Ode to oink

Ah, pork - where does one begin? It is now common knowledge that the Hipposaur has always leaned in favour of the revered pig, when it comes to matters of gustatory significance. After all, the plebeian broiler chicken is a bit of a compromise; while mutton and beef is generic red meat. No surprise then, that pork has always topped the list of the Hipposaur's favourite things to put in his stomach.

Yet apart from the occasional tepid cold cut sandwich, the average Indian kitchen could never really do justice to pork. So you're stuck with your dabba of Vindalho and the effusion of vinegar and spice overloads your senses. It's great stuff, but even the mighty kitchens of Goa can't quite bring out the subtle flavours of pork fat, meat and rind. That's why we thank our lucky stars for having sweet old aunties from the North Eastern states, who manage to eke strange and curious flavours out of pork, that too in hamara Dilli.

Look beyond the chhole-kulche laden National Punjabi kitchen culture, and you'll hit upon fantastic wayside joints that dish out an amazing variety of cuisines from all over. That's a saving grace, considering how you probably needed a confidante from the North East in town to smuggle in some of that fabled Axone (pronounced akh-uni) back in Calcutta. Delhi, on the other hand seems so much more of a cosmopolitan affair, at least as far as its belly is concerned.

Thanks to a large number of good folks who have migrated from the North Eastern states, the city now boasts of a number of small eateries that serve the real deal from the seven sister states. First up is Dilli Haat, a stone's throw from the INA Metro station. Here's you'll find everything from Gujarati Theplas to Rajasthani Kair Sangri. But that may be elaborated upon at a more herbivorous moment. For now, the Nagaland stall takes the cake.

Walk in and the friendly aunty directs you to the menu card. The laminated list spells out smoked pork, pork in Axone, pork curry in bamboo shoot, fried ribs and pork with Raja mircha, among a host of other wonderful things to eat. Without further ado, the Hipposaur shouts out an order for smoked pork, pork with raja mircha, boiled mustard greens and a mountain of rice. The food is served in 20 minutes flat. Each piece of meat holds on to a chunk of fat (the way it should be). The curry is flavourful, but never overwhelming the flavour of the meat. The heat is tempered, yet leaves a fiery aftertaste. They also serve a wonderfully understated masur dal, a curry of vegetables with bamboo shoot and a potent dry fish chutney to round off your meal. Conclusion: bliss.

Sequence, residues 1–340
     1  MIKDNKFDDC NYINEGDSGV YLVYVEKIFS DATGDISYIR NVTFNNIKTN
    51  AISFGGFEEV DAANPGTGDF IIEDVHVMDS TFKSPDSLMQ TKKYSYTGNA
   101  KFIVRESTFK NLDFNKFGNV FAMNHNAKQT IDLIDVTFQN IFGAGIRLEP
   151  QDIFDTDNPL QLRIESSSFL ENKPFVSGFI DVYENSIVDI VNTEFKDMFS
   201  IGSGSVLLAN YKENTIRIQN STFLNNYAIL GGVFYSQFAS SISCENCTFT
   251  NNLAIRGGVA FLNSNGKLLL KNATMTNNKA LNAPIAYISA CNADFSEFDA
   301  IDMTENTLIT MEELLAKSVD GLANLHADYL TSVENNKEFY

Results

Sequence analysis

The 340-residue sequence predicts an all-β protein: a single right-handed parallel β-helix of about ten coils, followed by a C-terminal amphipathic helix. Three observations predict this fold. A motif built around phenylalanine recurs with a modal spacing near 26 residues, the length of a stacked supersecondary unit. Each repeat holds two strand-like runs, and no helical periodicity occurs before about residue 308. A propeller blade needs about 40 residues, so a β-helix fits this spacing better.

And here's a nice round up of authentic grub from the North East, available in the Delhi NCR region, from the Delhi edition of TimeOut: http://bit.ly/9iFzqz.


Anonymous said...

Dear hipposaur, your ode brought a few tears of joy to my eyes. Truly pork is most noble of the meats, I fondly remember my Bhutanese friends arriving with black pepper boiled in pork fat, pork achaar and I can not forget the delicious pork curry a lovely girl cooked for me at her place with deadly chillies and love. The end result, was to die for. But I found a little bit of negativity towards lamb, have you never tasted an Iranian lamb dish? Most of them are cooked for more than eight hours over a slow fire. It's not very spicy, but It's one of the most juicy meat I have ever tested and soft as.. well made ras-malai! The meat loose all it's redness and bask in pure deliciousness. Try it and let us know. happy eating! - Indy

Fully grown fuzzy Hipposaur said...

Thanks a bunch for the good words, fellow feeder. Lamb is a different breed of meat, mind you. IMHO a little different from goat meat. I quite love a well-made lamb dish. Any good Iranian joins you would recommend in Dilli? Thanks!